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To identify and describe critical helpful and hindering clinical teaching behaviors of supervising athletic trainers, as perceived by student athletic trainers, and to provide a better understanding of the student athletic training experience.
The critical incident technique was used to identify critical behaviors of supervising athletic trainers as perceived by student athletic trainers.
Sixty-four student athletic trainers from 4 undergraduate NATA-approved or CAAHEP-accredited programs volunteered to participate.
The data from the critical incident forms were reviewed for acceptability, inductively analyzed, and categorized. Results are reported in raw numbers and percentages. Examples are provided to illustrate each category.
Helpful and hindering supervisor behaviors were identified in 4 major categories and 24 subcategories. Students reported more helpful than hindering behaviors. Students reported mentoring behaviors most often, followed by accep- tance, nurturing, and modeling behaviors. Student athletic trainers wanted to be respected as professionals regarding ability and knowledge. They also desired mentoring through explanation, demonstration, and constructive feedback and nurturing through confidence building and other supportive supervisor behaviors. Students most often identified incidents of humiliating behaviors and lack of availability by the supervisors as hindering the clinical experience.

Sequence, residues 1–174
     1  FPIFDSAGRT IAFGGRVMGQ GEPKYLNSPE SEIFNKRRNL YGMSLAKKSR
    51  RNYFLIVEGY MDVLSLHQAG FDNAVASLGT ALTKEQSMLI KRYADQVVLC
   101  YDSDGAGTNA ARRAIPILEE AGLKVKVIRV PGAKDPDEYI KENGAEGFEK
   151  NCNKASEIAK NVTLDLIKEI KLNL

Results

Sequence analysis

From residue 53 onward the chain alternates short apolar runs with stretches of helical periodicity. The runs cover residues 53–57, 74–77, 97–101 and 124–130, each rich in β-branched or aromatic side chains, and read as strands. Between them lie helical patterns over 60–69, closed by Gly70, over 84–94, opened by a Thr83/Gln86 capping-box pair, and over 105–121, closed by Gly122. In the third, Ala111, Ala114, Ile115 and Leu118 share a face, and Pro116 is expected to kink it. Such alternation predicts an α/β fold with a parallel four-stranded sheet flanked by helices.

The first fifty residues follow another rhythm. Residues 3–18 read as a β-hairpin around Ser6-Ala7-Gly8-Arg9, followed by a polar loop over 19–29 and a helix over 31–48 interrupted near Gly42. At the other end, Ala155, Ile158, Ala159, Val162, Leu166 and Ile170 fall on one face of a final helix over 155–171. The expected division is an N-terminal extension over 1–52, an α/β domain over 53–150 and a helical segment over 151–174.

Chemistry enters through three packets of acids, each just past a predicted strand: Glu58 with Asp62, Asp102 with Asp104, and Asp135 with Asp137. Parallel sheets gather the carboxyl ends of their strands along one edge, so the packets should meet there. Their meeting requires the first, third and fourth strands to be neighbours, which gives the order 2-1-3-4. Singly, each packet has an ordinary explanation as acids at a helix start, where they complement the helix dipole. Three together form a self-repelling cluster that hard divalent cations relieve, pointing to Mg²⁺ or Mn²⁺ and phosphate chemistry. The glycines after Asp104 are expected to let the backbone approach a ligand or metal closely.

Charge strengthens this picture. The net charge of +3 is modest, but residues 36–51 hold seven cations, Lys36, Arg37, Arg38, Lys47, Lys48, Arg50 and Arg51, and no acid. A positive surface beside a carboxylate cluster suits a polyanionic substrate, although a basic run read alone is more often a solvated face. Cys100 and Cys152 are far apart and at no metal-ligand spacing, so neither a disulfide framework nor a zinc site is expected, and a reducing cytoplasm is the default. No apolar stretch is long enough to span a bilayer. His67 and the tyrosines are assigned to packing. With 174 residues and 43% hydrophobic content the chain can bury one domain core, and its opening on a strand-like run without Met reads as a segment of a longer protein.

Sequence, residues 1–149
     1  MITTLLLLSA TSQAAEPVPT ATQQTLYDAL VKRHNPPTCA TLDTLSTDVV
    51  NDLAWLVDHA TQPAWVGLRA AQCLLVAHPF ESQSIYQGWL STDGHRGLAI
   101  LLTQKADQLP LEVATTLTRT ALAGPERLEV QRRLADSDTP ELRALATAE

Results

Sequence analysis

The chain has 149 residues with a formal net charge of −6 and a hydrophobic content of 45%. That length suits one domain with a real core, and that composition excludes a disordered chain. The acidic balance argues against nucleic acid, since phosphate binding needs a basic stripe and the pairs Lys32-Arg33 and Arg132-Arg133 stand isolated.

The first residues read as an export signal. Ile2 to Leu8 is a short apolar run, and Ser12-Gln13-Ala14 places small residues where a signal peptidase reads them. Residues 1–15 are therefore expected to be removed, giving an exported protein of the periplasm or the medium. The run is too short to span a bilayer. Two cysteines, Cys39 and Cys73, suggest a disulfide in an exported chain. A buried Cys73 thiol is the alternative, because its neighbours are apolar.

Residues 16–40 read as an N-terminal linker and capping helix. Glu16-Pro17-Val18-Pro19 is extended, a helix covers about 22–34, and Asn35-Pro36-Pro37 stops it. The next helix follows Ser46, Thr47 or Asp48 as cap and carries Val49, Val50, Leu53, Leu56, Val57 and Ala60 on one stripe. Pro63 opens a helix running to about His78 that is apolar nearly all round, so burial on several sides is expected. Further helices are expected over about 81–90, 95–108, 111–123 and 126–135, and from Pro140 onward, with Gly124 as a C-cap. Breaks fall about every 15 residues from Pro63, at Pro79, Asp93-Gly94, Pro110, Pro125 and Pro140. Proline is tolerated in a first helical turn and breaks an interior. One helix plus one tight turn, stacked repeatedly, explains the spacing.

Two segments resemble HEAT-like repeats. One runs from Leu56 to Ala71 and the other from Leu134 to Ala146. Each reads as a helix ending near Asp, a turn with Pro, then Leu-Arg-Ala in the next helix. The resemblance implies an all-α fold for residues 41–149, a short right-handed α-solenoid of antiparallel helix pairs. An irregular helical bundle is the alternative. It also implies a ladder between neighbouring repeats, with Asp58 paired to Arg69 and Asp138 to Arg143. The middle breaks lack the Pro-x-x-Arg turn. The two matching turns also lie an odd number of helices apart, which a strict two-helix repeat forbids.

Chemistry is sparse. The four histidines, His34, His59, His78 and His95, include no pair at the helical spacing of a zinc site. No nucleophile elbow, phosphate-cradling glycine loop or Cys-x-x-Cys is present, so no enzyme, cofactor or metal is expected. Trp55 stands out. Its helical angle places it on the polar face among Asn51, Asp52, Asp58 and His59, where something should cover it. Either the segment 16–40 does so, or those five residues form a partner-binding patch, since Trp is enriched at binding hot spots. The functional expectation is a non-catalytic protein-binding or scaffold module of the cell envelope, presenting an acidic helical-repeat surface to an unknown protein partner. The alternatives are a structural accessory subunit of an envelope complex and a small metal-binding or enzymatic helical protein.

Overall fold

Supervising athletic trainer behaviors had a profound effect on the professional development of student athletic trainers. Interaction between supervisors and students positively or negatively affected student athletic trainers' growth and development. Selection of supervising athletic trainers, matching of supervisors with students, and training for supervising athletic trainers are important issues that need further investigation. Student athletic trainers can provide insightful information that can be used to better understand and enhance the clinical experience.